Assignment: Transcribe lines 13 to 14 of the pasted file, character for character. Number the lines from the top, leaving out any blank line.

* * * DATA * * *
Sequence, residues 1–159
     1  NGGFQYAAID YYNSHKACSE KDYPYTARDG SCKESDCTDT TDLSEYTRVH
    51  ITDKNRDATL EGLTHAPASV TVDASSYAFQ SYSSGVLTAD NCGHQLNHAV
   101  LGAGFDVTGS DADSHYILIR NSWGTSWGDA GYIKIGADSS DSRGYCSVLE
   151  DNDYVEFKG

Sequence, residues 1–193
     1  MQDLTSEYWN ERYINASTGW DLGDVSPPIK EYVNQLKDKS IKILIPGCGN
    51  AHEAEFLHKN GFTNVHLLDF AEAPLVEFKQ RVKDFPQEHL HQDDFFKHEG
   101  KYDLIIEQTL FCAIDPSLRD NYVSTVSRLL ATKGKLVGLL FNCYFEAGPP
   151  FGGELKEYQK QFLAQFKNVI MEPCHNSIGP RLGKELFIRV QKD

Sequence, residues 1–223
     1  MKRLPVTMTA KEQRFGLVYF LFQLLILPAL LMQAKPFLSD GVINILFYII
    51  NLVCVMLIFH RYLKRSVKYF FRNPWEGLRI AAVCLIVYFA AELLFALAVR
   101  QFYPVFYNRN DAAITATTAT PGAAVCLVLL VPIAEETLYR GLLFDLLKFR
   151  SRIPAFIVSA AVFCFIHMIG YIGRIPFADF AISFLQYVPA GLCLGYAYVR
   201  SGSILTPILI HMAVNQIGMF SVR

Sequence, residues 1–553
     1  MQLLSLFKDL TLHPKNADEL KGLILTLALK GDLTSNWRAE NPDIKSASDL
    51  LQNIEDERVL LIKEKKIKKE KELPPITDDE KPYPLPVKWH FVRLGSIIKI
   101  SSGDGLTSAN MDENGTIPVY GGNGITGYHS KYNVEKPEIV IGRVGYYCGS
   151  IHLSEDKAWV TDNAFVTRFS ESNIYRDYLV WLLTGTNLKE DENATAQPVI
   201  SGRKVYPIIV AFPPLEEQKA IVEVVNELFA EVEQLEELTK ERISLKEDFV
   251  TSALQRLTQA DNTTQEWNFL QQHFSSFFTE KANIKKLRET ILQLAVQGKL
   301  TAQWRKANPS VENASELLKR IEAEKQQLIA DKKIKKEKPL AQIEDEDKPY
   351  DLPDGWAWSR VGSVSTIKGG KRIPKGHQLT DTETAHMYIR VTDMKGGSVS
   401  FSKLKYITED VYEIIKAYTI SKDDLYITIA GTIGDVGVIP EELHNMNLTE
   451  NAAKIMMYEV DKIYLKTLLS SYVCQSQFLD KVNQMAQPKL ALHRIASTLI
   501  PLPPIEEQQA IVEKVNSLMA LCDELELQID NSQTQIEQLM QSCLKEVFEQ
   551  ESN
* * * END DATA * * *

    51  NLVCVMLIFH RYLKRSVKYF FRNPWEGLRI AAVCLIVYFA AELLFALAVR
   101  QFYPVFYNRN DAAITATTAT PGAAVCLVLL VPIAEETLYR GLLFDLLKFR